This is unbelievable and unconscionable! Ironically, there are cities that have decided to plant trees because of scientific studies that prove that tree-line streets have a "calming effect" on vehicle traffic, helping to slow down drivers who speed. I wouldn't doubt that a negative result of Baltimore city's action will be there will be more people & animals killed on city streets as a result of people driving faster all the time on stripped naked streets where mature street once "calmed" the average reckless driver. Shame on the city of Baltimore! Once again America's obsession with sports has dealt nature, common sense and sane government practices a heavy blow.

Am I getting this right? They will replace the trees after the Grand Prix, but then cut them down the following September, and then repeat?

I understand that some of the trees will be in large planters so they can be moved, but I don't see how the rest of it works.

TW: Partly right. Of the 59 trees being replanted along the race corridor, 14 will be in pots, and 18 others being planted in tree pits will have to be removed every year to make way for grandstands. Those 18 are to be dug up and transplanted to other spots around the city, according to Steve Kelly of Mahan Rykiel.

I can’t even get into the numerous environmental and public health and safety offenses this will cause. I will keep it simple. As a tax-paying constituent, I want to see the numbers. In fact, I demand it. What is the cost breakdown? Is there a revenue stream besides our City and State taxes? How much does it cost to remove a tree? What is the cost of materials and labor to plant the “new” tree? What will it cost to water all these new trees?
They need a minimum of five gallons per week (excluding winter) for the first few years. The mature trees that our brilliant leadership decided to cut down do not. Who pays for the water? What will it cost? Oh, I guess our water bills will see an increase. That’s probably how they will subsidize it.
I have had it with elected officials touting one thing and doing the opposite. This is absurd. It is depressing that our existing City assets are so easily sacrificed for the mere hope of increasing short-term tourism.
I demand to see the financial analysis that calculates the projected (based on reality, not BS) ROI expected for doing this ridiculous act. I want to know why this is a fiscally responsible decision and I want to see proof that this does not waste our tax dollars…and don’t try to play with the numbers. I know from experience that removing and planting trees is not cheap. I had to secure thousands in funds to facilitate tree plantings on my block.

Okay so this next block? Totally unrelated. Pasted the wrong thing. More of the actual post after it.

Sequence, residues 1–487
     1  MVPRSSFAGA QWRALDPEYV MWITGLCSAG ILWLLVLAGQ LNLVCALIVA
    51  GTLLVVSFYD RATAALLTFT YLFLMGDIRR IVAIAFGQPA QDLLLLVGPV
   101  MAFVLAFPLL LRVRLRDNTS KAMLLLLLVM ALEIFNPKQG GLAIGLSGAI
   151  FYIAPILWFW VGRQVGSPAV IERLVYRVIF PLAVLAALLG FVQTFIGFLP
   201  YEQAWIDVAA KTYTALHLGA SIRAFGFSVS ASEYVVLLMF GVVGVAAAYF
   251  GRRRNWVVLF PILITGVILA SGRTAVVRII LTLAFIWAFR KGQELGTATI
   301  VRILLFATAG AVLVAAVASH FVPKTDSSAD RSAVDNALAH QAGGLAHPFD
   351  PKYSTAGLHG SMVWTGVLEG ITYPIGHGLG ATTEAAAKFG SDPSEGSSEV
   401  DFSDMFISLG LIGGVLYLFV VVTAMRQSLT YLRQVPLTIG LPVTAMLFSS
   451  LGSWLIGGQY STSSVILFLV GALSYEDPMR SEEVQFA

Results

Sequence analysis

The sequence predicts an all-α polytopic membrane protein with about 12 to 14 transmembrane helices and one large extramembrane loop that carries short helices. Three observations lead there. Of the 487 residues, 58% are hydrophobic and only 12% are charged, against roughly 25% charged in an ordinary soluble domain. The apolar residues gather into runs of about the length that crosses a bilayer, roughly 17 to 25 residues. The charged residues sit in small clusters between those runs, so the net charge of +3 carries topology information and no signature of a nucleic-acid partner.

Remember, also, that this will happen again and again, over the life of the contract for staging the race in Baltimore. How many other "obstacles" will need to be removed or altered over the course of this contract?

Unfortunately, this story is filled with inaccurate information. There are 47 trees being removed prior to the Grand Prix, only three of which are of mature caliper (those seen being cut down in the picture). The other 44 were planted within the last five years, 50% of them within the last two years. The trees are required to be replaced, caliper for caliper and a total of 136 trees are being planted after the race... in the places where they were removed and in all of the empty tree pits in the Central Business District. I hope this helps to get the accurate story out in the open.

TW: The information in this story was subsequently updated and/or corrected (it's still not clear why the Grand Prix official quoted mentioned 136 - he's not taken or returned calls since) - and updated yet again on Friday. And the city announced then that only 31 trees had been removed, and that officials had decided no more needed to come out.
Here's the latest: http://www.baltimoresun.com/news/maryland/baltimore-city/bs-md-ci-grand-prix-tree-fight-20110805,0,1888764.story

Meanwhile, the number to be planted downtown grew to 139, and the Grand Prix even topped that by pledging to pay for 5,000 more saplings that the city could plant where it wishes.

I won't rehash here what's been said repeatedly elsewhere, but if you want to stay up to speed, please check out http://treesbeforeprix.org

Also, please sign the petition here: http://www.change.org/petitions/trees-before-grand-prix

Lastly, the real concern is the viability of the race at all. Pledges to buy saplings or plant 139 trees are meaningless unless there is a viable plan for paying for their planting and subsequent maintenance and watering. This is a cost that Baltimore City DPW or DOT cannot simply "absorb" and we demand that monies be put aside to ensure that these trees are cared for.

@David Troy said:
"...up to speed..." Too funny!

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About the bloggers
Tim WheelerTim Wheeler reports on the environment and Chesapeake Bay. A native of West Virginia, he has focused mainly on Maryland's environment since moving here in 1983. Along the way, he's crewed aboard a skipjack in the bay, canoed under city streets up the Jones Fall from the Inner Harbor, and gone deep underground in a western Maryland coal mine. He loves seafood, rambles in the country and good stories. He hopes to share some here.

Contributor Christy Zuccarini has been blogging about the local DIY craft scene for a year for Baltimoresun.com. She brings her pespective on all things handmade to B'More Green, where she will highlight projects you can do yourself as well as crafters who are integrating sustainable methods and materials.